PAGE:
One was a book called Dot for Short, by Frieda Freidman. It was a charming, bittersweet story written in 1947 about an insecure ten year old girl who can’t wait to grow up. “She envies her two gorgeous sisters (Fluff and Peg) who are tall and slender and know how to talk to boys.” Her family is having financial difficulties, which she feels powerless to improve. Then she sees an ad in a ladies magazine featuring a contest to write a limerick about “why you use Masterpiece Muffin mix.” The prize was $10,000. She, of course, writes a limerick and…well, that’s all I am going to tell you. Needless to say the entire scenario of the book converged with my life and my fledging enchantment with…dare I say it…branding.

All through the ‘80’s, I not only searched through flea markets and the like for this pesky novel, I also went into every mass market and private bookseller inquiring about this book. Lots of storekeepers were sympathetic and often suggested I order it—optimistically offering that one used book store might come across it if a search was initiated. I did that over and over, but to no avail. Then one fine day in 1988 as I was doing my usual perusal in the children’s section of a bookstore, there it was. Reprinted. Fresh and clean and new and…mine. I grabbed it, gave my money to the cashier with shaking hands and read the entire book out on the street, leaning against a light pole. It was a magnificent, unforgettable experience. I still, to this day, believe that I am single-handedly responsible for Puffin reprinting this book.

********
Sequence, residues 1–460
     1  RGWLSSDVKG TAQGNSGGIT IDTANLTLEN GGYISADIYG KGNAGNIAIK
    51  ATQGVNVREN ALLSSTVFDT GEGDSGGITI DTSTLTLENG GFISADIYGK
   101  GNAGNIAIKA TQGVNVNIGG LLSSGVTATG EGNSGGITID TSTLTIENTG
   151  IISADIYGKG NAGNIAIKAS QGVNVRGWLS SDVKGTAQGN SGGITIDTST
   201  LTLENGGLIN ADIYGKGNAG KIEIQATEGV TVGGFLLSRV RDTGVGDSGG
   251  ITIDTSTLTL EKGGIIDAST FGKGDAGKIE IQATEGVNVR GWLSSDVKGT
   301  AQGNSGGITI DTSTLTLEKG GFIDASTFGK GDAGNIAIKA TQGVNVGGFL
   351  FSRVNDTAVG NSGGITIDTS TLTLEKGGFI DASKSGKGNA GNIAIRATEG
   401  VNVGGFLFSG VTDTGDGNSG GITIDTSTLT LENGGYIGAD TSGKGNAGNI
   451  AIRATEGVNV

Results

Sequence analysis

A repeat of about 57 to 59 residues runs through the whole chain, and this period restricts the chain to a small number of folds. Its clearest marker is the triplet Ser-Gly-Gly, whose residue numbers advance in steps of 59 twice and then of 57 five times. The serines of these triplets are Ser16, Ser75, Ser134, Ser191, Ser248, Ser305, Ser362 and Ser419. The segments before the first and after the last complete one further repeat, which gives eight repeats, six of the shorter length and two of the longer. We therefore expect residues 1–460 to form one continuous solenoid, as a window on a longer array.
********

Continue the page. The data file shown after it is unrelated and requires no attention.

My library is now nearly complete. Every now and then I remember a book that I read when I was eight or eleven or sixteen…the memory flutters into my head like a yellow butterfly…and then I am inspired to once again start a new search. I love this recreation of sorts…knowing that I am simultaneously rebuilding and re-crafting my past and my present and my future. Knowing that, like Proust’s moment with his madeleine, that these books “ultimately reach the clear surface of my consciousness, this memory, this old, dead moment which the magnetism of an identical moment has traveled so far to importune, to disturb, to raise up out of the depths of my being…and bear unflinchingly, in the tiny and almost impalpable drop of their essence, the vast structure of recollection.”


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2/06/2006 03:42:00 AM  
Blogger Nilk said...

Ebay for you.

This book is also on my list to add to my collection, as I find so many of today's books just don't fit with the values I want my own daughter to learn.